by KEVIN PHO, MD at KevinMD.com
The following column was published on November 10, 2011 inMedical Economics.
I recently saw two patients in my primary care clinic, each with new-onset hypertension.
The first, a middle-aged executive, brought printouts from the Internet and already had researched the various treatment options for high blood pressure. During the visit, we discussed this information, and I gave my thoughts on what to do next. He considered and appreciated my input but made it clear that the ultimate decision was his.
The second was an elderly gentleman in his 70s. Again, I discussed the various management approaches and then gave my opinion on what we should do. In contrast to the other patient, he said, “I want to do whatever you suggest. After all, you’re the doctor.”
As a publisher of a social media health Web site, I’ve observed closely the growth of the patient empowerment movement, facilitated by the Web making health information more accessible. According to the Pew Internet and American Life Project, 80% of Internet users go online to research their health, and this effort gives patients a greater voice in their care. Paternalistic decision making that traditionally drove the doctor-patient relationship slowly is being replaced by shared decisions. But not all patients embrace their new decision-making role.
In a recent study from the Journal of Medical Ethics, researchers interviewed more than 8,000 patients. Almost all wanted doctors to offer choices and help consider their options, but two-thirds preferred that the final medical decision to be left to the physician.
According to Farr A. Curlin, MD, an associate professor of medicine at the University of Chicago and one of the authors of the study, “the data [say] decisively that most patients don’t want to make these decisions on their own.”
There is a spectrum of how much physician involvement patients want. Some may want physicians only to suggest and inform but leave the ultimate decision to them. Others prefer doctors to have the final say.
The only way to know a patient’s preference is through a continuous relationship where that comfort level can be developed over time. After several encounters, a clinician should have a sense of how much, or how little, direction a patient needs.
Sadly, two factors in healthcare today work against such a sustained doctor-patient relationship. One is the fragmentation of medical care. More patients are seeing not only a primary care physician (PCP) in a clinic, but also a hospitalist when admitted to a hospital, along with an array of specialists both in the hospital and the clinic. According to a New England Journal of Medicine study, Medicare beneficiaries saw an average of two primary care physicians and five specialists working in four different practices. Without knowing the patient well, each provider may differ with his or her input in the medical decision process, which can frustrate patients who may have their own ideas of how much their doctors should be involved.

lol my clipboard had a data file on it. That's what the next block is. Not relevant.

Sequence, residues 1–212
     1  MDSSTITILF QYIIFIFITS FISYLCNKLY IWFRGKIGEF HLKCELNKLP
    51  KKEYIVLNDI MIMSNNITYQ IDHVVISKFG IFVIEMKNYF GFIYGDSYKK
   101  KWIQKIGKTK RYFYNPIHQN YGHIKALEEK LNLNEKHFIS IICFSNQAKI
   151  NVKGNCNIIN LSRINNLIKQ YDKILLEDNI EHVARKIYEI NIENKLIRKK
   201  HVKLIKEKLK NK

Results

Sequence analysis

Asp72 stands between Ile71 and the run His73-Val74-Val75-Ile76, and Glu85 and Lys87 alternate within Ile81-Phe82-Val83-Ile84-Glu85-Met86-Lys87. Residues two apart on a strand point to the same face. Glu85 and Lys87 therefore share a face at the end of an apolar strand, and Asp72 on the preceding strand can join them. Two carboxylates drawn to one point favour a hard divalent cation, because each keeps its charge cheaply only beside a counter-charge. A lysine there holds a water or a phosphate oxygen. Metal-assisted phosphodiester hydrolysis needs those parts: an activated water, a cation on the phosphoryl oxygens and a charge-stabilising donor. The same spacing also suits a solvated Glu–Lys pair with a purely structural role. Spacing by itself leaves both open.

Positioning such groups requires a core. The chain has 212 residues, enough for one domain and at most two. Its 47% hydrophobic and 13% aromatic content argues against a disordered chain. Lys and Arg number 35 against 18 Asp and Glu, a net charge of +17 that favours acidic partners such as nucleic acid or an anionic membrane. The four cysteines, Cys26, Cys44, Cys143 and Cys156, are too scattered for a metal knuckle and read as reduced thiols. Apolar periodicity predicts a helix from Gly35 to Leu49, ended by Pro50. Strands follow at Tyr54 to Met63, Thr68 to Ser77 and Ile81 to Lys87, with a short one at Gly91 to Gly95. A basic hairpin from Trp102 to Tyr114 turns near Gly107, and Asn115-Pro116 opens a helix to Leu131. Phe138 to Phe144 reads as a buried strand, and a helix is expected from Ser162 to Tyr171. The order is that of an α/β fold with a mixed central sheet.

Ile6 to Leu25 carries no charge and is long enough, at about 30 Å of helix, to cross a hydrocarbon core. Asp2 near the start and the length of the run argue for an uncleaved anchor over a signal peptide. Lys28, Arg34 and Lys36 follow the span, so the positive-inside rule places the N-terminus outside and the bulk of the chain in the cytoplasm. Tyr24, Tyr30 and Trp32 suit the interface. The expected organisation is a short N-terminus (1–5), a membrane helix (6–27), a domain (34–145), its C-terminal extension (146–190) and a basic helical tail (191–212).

Next, consider the decay of primary care itself. There is a profound shortage of PCPs, with the American College of Physicians noting that “primary care, the backbone of the nation’s healthcare system, is at grave risk of collapse.” Patients who cannot schedule timely primary care appointments go to the emergency department, where they encounter clinicians they’ve never met before. The shortage is compounded by what is shown in the results of an Annals of Internal Medicine survey, which revealed that 30% of PCPs were likely to leave the field, citing burnout from time pressures, a chaotic work pace, and little control over their work. Both the shortage and attrition of primary care providers worsen the odds of forming long-term relationships with patients.
Having known my two patients with hypertension for years, I anticipated how much physician involvement they would need to make a treatment decision and was able to tailor my approach to meet their individual expectations. During this turbulent period of healthcare reform, we cannot lose sight of the importance of a continuous relationship between doctors and patients. Otherwise, our fragmented health system and deterioration of primary care will make it challenging to provide the proper amount of guidance for patient medical decisions.
- The Social Life of Health Information(Pew Internet Report)OVERVIEW
The internet has changed people’s relationships with information. Our data consistently show that doctors, nurses, and other health professionals continue to be the first choice for most people with health concerns, but online resources, including advice from peers, are a significant source of health information in the U.S.
- Predictors of hospitalised patients’ preferences for physician-directed medical decision-making (Journal of Medical Ethics, June 2011)
Background Although medical ethicists and educators emphasise patient-centred decision-making, previous studies suggest that patients often prefer their doctors to make the clinical decisions…Conclusions Almost all patients want doctors to offer them choices and to consider their opinions, but most prefer to leave medical decisions to the doctor. Patients who are male, less educated, more religious and healthier are more likely to want to leave decisions to their doctors, but effects are small.
- Choosing Wisely (an initiative of the ABIM Foundation)
- What Makes Patients Complex? Ask Their Primary Care Physicians (medicalnewstoday.com)
- What makes patients complex? Ask their primary care physicians (medicalxpress.com)
- Letting Doctors Make the Tough Decisions (jflahiff.wordpress)
- What makes patients complex? Ask their primary care physicians (eurekalert.org)
- Make an informed judgment on the abilities of your surgeon (kevinmd.com)
- Let physician assistants be part of the primary care answer (kevinmd.com)